In San Diego County, which has ongoing infestations and quarantines triggered by species moving across the U.S.-Mexico border, recently retired county entomologist David Kellum said the county works with a variety of stakeholders throughout the year to build a foundation of cooperation.
He said county public outreach activities include ag days, community fairs, school events, career days, county Lady Bug Day, "Seeds of Wonder" events, participation in botanical garden activities and an annual "Insect Festival" founded by the county agricultural commissioner's office many years ago, which has grown in size, exhibitor participation and public attendance.
"In fact, we've had to turn vendors away from participating in our Insect Festival," Kellum said. "This public information event has gotten really large, but it's only part of our ongoing public education efforts. With this foundation, we find it's more effective when we contact the media to announce a quarantine whenever a new invasive pest is found."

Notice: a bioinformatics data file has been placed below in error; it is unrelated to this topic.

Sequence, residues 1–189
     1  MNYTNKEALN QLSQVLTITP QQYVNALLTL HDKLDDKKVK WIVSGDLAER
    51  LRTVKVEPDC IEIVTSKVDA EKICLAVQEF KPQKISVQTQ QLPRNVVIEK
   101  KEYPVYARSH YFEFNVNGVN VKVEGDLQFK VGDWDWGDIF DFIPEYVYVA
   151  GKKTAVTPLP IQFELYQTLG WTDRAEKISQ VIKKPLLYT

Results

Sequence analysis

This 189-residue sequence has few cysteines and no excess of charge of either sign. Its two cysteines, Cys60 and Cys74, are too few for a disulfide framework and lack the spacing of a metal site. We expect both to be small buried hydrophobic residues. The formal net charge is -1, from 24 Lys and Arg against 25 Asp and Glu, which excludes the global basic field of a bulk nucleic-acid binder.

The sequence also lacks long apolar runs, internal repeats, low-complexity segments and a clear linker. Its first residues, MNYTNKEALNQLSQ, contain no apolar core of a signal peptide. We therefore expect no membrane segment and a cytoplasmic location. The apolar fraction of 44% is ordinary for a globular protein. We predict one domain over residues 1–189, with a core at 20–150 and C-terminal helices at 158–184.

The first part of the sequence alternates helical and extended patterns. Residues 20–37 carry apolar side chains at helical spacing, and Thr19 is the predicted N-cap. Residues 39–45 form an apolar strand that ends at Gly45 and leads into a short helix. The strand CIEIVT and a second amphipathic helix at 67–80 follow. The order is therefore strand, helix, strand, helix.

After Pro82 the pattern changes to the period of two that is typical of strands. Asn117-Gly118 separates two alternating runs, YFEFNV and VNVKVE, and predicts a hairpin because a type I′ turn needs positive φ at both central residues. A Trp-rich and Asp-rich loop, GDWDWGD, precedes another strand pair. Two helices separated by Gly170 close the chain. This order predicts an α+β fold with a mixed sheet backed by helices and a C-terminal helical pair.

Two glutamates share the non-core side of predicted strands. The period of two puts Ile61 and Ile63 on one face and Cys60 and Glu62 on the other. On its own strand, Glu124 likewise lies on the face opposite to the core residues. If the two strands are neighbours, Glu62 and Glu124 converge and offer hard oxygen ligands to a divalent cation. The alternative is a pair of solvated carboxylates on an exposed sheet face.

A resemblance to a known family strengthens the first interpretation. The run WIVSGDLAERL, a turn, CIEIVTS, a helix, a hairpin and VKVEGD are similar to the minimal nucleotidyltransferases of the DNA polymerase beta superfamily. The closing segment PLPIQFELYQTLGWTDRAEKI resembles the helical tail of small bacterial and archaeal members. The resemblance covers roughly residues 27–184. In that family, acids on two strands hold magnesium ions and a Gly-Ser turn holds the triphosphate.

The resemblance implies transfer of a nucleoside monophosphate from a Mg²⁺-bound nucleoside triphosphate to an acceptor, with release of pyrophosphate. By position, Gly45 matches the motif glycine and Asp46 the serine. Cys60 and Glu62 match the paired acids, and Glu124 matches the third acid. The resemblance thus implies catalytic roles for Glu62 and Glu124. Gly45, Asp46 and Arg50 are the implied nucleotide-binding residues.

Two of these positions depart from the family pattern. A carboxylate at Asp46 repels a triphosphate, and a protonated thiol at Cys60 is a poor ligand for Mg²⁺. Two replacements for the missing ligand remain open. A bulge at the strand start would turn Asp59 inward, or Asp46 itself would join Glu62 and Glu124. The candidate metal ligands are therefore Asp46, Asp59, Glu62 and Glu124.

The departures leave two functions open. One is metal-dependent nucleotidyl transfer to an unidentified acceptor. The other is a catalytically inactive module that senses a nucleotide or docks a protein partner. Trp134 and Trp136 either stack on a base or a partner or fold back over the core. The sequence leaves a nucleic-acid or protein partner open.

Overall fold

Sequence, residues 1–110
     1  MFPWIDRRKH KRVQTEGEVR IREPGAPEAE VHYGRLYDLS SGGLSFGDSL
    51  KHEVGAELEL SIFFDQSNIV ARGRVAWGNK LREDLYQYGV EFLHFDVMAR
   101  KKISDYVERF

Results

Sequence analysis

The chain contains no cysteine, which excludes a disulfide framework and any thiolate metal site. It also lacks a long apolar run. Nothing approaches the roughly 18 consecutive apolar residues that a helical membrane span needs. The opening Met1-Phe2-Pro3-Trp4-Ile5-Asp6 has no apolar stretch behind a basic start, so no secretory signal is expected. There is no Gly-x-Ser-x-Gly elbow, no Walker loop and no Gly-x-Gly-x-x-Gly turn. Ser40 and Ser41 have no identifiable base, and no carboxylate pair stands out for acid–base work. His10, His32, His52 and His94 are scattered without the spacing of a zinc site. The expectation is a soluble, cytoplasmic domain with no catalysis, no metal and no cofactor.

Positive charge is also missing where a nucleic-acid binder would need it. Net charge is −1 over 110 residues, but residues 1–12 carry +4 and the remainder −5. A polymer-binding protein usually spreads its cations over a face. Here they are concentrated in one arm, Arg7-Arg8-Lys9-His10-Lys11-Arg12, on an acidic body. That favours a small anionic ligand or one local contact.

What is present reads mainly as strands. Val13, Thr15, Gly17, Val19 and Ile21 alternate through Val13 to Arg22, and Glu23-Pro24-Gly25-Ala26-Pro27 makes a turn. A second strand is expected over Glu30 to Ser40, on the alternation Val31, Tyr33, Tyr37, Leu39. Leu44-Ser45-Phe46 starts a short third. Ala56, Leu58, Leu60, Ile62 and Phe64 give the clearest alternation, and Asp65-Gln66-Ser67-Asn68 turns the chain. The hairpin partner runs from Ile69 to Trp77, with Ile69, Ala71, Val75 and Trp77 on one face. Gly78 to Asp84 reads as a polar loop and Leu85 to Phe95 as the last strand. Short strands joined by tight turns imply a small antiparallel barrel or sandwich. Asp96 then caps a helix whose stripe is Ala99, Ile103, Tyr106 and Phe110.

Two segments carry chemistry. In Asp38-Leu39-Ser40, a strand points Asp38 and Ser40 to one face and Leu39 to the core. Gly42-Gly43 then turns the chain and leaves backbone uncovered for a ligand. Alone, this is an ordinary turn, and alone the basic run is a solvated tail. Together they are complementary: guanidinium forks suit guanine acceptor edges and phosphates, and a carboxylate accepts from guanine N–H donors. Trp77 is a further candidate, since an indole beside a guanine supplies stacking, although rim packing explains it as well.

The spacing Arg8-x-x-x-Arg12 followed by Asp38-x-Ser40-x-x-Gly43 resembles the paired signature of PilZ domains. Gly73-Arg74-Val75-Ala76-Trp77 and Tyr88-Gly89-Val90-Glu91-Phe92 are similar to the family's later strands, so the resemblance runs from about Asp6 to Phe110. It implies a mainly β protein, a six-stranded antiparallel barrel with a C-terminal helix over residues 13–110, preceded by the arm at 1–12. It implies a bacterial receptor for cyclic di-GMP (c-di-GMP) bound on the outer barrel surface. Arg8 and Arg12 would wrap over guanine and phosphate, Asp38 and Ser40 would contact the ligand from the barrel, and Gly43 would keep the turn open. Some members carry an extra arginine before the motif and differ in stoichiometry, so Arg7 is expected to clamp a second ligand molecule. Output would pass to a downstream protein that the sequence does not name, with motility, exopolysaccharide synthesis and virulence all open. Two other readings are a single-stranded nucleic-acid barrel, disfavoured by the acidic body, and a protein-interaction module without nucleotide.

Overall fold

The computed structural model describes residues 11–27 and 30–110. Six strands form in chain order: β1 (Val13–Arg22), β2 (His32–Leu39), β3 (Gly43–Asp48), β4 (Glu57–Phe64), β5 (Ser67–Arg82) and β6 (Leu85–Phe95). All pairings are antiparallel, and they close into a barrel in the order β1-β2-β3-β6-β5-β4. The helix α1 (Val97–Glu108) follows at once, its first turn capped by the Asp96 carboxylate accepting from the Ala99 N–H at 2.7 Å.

Other presenters suggested that when developing emergency response plans, a public education component can serve not only as a conduit for information, but also as an opportunity for community building and strengthening.
UC Davis researcher Margareta Lelea, who surveyed Santa Cruz County residents after efforts to control the light brown apple moth created significant community concern, said among the lessons learned is that those with responsibility for controlling or eradicating invasive pests need to work through and support local networks and they need to build relationships.
"The public needs to be a partner in our efforts to respond to an invasive pest threat," Lelea said. "We need to figure out how we get to shared issues that the public cares about. The community has to be heard and feel like a partner in solving pest problems."
(Kate Campbell is an assistant editor of Ag Alert. She may be contacted at email@example.com.)
Permission for use is granted, however, credit must be made to the California Farm Bureau Federation when reprinting this item.